Russell Apiaries

Quality Bee Keeping Tools and Resources

Managing Mini Frames Year-round

 

Mini Nucs are a key tool in controlling the size of a nucleus colony for easy access to the queen... However, whenever you deviate from standard size equipment, you add to your work load as the new equipment must require special care... This additional workload can wind up being more than the time saved by using smaller nucleus colonies... So for smaller operations, one must keep this in mind and either only consider mini frames for a period when the operation has grown or develop specific practices that ease the burden of care and production for the special frames. Hopefully, these instructionals will assist with that.

Well the first thing that any frame needs is to be drawn out... this can be done in a nucleus of course, but at the expense of a great deal of nurse bees and energy, so I only recommend doing this as a way to reduce the speed of development for the nuc (which you will find is very important during a flow)... So instead of building the small frames in small colonies, I recommend building them on full sized hives... This can be accomplished by using a cross-bar in a equal depth super to allow 20 mini frames to take the place of 10 frames, or if using our 4way mating nucs which can simply be placed on a full-sized colony...

 

 

 

 Mini Frame Supers (Holds 20 Mini Frames aka Half frames "Not the tiny ones used in the small styrofoam nucs")

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Types of Mating Nucs

As with all things in beekeeping, there are many ways to mate queens... Here I will be just be going over a few of the ones that we have used, so as always, go for what works for you and remember that the more that you try, the more you will learn and the more likely you will find what works for you.

Mini Duplex Mating Nucs

 

  

 

 

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Note how the brood in the picture above is plugged with honey... This is an easy way to identify a queen that has not emerged from the cell, or has not returned from a mating flight...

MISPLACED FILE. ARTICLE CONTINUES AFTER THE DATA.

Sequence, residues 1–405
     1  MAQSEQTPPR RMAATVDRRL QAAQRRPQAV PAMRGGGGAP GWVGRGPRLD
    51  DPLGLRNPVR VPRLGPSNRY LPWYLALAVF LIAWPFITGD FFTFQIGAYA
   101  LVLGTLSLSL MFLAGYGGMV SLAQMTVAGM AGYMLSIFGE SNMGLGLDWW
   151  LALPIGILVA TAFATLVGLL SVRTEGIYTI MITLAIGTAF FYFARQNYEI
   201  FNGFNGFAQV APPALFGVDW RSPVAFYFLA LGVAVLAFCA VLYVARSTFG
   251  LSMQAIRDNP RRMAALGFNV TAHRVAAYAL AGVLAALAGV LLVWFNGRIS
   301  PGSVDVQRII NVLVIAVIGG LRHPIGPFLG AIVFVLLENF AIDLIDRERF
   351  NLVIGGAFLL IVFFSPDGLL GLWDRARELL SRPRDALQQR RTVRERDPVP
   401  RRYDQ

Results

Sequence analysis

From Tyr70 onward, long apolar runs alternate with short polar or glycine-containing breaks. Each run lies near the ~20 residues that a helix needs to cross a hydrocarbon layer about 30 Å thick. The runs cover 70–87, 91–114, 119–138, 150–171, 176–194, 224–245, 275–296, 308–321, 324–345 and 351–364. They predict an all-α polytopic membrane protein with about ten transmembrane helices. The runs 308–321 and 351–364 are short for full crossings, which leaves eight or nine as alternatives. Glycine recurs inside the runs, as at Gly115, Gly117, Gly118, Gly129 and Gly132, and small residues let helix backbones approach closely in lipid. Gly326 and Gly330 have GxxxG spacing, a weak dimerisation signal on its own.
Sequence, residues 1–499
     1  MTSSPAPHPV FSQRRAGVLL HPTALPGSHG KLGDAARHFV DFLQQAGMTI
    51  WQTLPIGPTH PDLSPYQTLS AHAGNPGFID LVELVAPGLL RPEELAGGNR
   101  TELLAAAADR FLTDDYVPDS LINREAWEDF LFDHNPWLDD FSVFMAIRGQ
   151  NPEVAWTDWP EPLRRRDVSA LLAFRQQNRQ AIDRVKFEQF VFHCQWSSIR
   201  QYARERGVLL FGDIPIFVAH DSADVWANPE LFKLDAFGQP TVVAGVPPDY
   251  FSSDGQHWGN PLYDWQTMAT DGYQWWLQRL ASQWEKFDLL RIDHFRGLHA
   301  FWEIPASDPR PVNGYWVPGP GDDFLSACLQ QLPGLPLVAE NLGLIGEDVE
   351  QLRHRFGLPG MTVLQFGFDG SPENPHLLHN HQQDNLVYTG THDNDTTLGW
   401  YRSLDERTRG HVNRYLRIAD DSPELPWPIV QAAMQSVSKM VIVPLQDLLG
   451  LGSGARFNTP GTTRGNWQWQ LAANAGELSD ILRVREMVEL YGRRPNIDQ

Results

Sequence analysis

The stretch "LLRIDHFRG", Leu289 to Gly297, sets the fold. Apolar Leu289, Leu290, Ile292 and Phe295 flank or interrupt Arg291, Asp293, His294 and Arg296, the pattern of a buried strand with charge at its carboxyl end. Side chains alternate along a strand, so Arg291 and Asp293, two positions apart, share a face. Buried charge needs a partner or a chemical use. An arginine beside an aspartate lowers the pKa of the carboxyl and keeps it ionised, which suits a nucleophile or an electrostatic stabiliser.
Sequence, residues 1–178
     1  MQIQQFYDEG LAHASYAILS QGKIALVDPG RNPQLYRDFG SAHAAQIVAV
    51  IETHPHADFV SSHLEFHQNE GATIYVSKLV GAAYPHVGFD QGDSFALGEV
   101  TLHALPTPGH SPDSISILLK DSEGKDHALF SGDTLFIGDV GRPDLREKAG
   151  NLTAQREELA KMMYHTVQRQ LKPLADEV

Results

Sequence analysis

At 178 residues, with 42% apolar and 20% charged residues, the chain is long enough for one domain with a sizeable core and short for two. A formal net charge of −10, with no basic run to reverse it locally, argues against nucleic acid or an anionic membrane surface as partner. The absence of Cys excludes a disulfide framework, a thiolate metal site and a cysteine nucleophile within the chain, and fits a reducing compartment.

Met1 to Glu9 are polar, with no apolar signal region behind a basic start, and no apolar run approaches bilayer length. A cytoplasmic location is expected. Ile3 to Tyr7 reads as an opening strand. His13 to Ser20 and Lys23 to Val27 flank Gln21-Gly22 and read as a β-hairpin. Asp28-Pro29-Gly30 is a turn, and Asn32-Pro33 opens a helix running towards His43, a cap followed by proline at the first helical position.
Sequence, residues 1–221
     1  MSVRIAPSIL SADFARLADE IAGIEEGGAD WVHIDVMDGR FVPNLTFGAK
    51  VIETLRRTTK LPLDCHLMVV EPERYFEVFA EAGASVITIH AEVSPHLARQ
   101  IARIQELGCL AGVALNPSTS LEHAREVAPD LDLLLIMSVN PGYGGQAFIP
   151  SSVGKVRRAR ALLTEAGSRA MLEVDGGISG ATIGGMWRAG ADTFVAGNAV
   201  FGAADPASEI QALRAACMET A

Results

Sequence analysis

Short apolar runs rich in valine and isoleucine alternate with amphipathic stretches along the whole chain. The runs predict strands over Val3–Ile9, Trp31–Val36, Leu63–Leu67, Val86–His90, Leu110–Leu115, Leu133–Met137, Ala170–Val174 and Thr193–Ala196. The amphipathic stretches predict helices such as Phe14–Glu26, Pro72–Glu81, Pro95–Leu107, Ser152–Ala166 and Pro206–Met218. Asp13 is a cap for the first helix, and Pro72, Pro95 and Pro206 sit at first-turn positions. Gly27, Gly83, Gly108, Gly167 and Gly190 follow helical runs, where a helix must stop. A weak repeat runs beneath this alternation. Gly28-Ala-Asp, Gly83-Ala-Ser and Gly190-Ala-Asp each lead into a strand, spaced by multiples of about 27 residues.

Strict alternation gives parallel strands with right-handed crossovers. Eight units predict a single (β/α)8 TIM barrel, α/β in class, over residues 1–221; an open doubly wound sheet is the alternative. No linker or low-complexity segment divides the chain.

The pic below shows our old home mating yard (well about half of it anyways)... These little nucs are singles that held 3 half frames and a feeder. You may notice a piece of red cloth hanging out from under a few tops. That was used to help seal the bulk bees in during stocking. Although tiny, about 30% of these little nucs would be strong enough by the end of the year that we would leave them be and see what made it through winter... About 70% of them wintered just as they are... This may be an option for folks in a warm climate that can make these tiny pine boxes and use bulk bees and empty frames (which by the way were hand made and very cheap... I will post a few pics of them as well)...

 

   

Feeding Mating Nucs

 

Our mini nucs (half length frames) have solid bottoms and the only shb issues that I ever have with them is if I need to feed them during an unusually long summer dearth... I'm telling you guys, syrup and shb are an explosive combination... that's why I try to rotate to capped honey frames instead of feeders after the first or second cycle... in the case of the brushy mountain fourway, the spaces in the bottom are the only air way period, so being a crack is asking for trouble... yes adolescent shb can get through #8 hardware cloth, and can even get between the screen and the wood... but anything that slows their entrance enough for the bees to catch on to their attempts to enter will give the bees a chance to defend it better... sbb's are problematic mainly after a swarm in a full sized hive... the nucs are vulnerable all of the time though because they are constantly suffering big fluctuations in brood and food... my threeways do have partial screened bottoms on them for air flow, but I use aluminum door screen which has the downside of having to be torn out and replaced once or maybe twice a season due to heavy propilizing... screens on the bottoms of mating nucs can cause troubles as you guys may have already noticed if you use them... the scent of rival queens that close can be overwhelming for a young queen... so a fully screened bottom can lead to odd absconding, "un-neighborly" visits, and queens that just don't seem focused on what they are suppose to be doing... so my partially screened threeway bottoms are simply a 2 1/2" hole cut into the rear for hole #1, the front for hole #2, and the center for hole #3... then the aluminum door screen is stapled over each hole tightly... note, I recommend that the screens go on top of the bottom boards (inside the nucs) so that it doesn't create a "catch trap" for debris which will give wax moths a place to get started...

I like to dip mini nuc feeders in melted wax, letting it fill the inside and cover the outside at the same time, then lift them out for a moment and then pour out the wax and let them cool... the trick is getting the wax to the right temp so that it isn't too hot in order to get a nice thick coating on the inside and out... this encourages the bees to build comb in the feeders, which is exactly what you want so they will have a safe ladder to get to the syrup on... the next trick is to know when to pull the feeders and switch to capped honey frames... 

Another trick that works well is a small petri dish in the bottom with a thin cut of foundation around the rim... this can be filled at night with just a splash of syrup to allow them to take it up quickly before day break to prevent robbing... 

 

  Here are the gavanized ones... they are made of 18 gauge galvanized steel sheet metal formed on a simple break press then sealed with adhesive and then coated in wax...
A piece of foundation is placed inside to give the bees something to walk on to reach the syrup safely...